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New Biden Policy Shields U.S. Citizen Spouses from Deportation

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WASHINGTON DC, USA – In a significant election-year policy shift, the Biden administration announced Tuesday, June 18, 2024, a new executive action aimed at protecting undocumented spouses of American citizens from deportation.

This measure is expected to shield approximately 500,000 immigrants, marking a major step in immigration reform.

The White House framed the policy as a vital effort to “keep families together,” aligning with President Joe Biden’s broader immigration agenda.

NBC News had earlier reported the impending executive action following advocacy from immigration proponents and Democratic lawmakers, especially as Biden seeks to strengthen support among Latino voters in key battleground states.

“This is the biggest thing since DACA,” said a source familiar with the matter, an immigration advocate, emphasizing the strategic significance of the move by the Biden administration.

The White House emphasised its ongoing efforts to secure the border and dismantle human-smuggling networks.

In a press release outlining the new action, the administration underscored the importance of border security while also highlighting the need for compassionate immigration policies.

“Biden believes that securing the border is essential,” the statement read. “He also believes in expanding lawful pathways and keeping families together, and that immigrants who have been in the United States for decades, paying taxes and contributing to their communities, are part of the social fabric of our country.”

The executive action allows non-citizens who have resided in the U.S. for at least 10 years and are married to a U.S. citizen, along with their children, to apply for permanent residence without the requirement to leave the country.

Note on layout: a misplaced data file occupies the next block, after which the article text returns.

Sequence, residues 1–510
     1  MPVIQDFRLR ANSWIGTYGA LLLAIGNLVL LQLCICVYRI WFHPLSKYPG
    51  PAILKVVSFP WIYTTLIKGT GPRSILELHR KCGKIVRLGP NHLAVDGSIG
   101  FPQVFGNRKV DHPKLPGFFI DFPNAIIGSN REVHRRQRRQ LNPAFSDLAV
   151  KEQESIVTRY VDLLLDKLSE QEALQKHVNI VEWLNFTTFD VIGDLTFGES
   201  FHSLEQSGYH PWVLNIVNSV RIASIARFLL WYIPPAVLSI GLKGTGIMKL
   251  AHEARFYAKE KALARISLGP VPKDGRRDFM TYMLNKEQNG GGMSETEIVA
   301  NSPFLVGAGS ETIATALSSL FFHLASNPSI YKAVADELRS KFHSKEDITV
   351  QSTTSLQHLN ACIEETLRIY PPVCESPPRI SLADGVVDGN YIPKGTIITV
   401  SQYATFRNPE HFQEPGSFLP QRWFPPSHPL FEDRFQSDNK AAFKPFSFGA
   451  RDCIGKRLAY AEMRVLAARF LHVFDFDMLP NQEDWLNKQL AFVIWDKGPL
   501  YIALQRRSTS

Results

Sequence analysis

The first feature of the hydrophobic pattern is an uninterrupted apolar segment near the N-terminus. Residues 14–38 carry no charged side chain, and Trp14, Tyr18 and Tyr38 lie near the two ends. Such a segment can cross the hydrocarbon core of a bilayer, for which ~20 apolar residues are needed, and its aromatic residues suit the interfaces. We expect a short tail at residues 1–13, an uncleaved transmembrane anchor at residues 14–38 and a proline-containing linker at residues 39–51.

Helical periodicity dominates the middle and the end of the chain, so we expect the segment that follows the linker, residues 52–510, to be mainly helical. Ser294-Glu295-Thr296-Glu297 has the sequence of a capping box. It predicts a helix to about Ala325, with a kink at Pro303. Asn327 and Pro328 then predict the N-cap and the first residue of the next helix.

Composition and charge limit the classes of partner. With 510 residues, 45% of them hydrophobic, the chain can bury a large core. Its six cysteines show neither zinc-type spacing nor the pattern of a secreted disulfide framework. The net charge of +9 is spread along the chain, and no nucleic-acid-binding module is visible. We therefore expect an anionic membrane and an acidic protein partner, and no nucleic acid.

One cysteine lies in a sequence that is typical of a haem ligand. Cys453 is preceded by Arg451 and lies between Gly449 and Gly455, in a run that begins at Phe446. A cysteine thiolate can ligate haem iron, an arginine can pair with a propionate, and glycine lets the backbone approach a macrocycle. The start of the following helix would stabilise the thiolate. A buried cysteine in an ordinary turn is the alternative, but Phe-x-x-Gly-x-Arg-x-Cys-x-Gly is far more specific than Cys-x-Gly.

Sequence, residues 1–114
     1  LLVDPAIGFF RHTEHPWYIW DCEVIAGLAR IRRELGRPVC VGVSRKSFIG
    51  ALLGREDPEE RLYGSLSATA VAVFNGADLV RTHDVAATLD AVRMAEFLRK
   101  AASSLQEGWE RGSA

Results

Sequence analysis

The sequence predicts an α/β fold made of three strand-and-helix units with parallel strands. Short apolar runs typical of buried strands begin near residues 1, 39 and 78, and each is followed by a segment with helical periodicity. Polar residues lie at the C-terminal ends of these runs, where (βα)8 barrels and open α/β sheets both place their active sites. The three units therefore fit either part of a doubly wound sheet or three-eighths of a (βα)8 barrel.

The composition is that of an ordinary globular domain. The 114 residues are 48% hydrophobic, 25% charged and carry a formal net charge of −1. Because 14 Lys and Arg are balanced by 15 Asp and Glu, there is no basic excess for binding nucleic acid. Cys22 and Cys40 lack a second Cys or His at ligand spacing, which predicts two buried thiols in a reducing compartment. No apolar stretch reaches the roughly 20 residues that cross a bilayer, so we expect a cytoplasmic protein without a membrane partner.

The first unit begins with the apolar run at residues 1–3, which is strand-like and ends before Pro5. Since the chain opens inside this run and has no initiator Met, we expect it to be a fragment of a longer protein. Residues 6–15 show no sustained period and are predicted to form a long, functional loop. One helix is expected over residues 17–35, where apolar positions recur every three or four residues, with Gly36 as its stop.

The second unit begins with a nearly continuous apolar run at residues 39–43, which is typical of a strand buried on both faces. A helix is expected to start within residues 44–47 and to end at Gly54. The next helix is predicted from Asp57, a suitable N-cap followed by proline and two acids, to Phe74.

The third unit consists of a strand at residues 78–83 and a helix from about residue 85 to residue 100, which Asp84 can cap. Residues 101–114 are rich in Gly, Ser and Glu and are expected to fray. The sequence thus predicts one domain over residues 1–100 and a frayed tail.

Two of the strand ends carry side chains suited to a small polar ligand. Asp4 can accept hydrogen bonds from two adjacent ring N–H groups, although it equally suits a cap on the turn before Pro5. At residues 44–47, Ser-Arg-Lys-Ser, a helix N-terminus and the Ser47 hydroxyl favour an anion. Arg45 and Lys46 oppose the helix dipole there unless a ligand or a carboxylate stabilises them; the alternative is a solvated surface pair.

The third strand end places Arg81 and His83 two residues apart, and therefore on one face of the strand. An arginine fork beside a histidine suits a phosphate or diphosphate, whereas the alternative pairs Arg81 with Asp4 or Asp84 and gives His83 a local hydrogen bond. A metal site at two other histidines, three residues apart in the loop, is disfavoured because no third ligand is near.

This provision is expected to deliver a “significant benefit to the country” by integrating these long-term residents more fully into American society.

The statement noted that the eligible spouses have lived in the U.S. for an average of 23 years.

Additionally, the program will facilitate easier access to green cards and a path to U.S. citizenship for some undocumented immigrants.

It also includes provisions for granting work permits to undocumented spouses on a case-by-case basis.

Further supporting young immigrants, the action will expedite work visas for DACA recipients who have earned higher education degrees and are seeking employment in their field of study.

Despite the positive reception from many immigration advocates, the new measures are anticipated to face legal challenges.

Senate Majority Whip Dick Durbin, D-Ill., chair of the Senate Judiciary Committee, acknowledged the potential for lawsuits but stressed the necessity of legislative action.

“The passage of legislation would be the only action that will fully allow these deserving individuals to put down roots, start families, further their education, and continue contributing to our society without fear of deportation,” Durbin stated, noting the unlikelihood of such legislation given Republican opposition to previous immigration reforms.

As the Biden administration moves forward with this executive action, the political and legal landscapes will undoubtedly shape the future of immigration policy in the United States.

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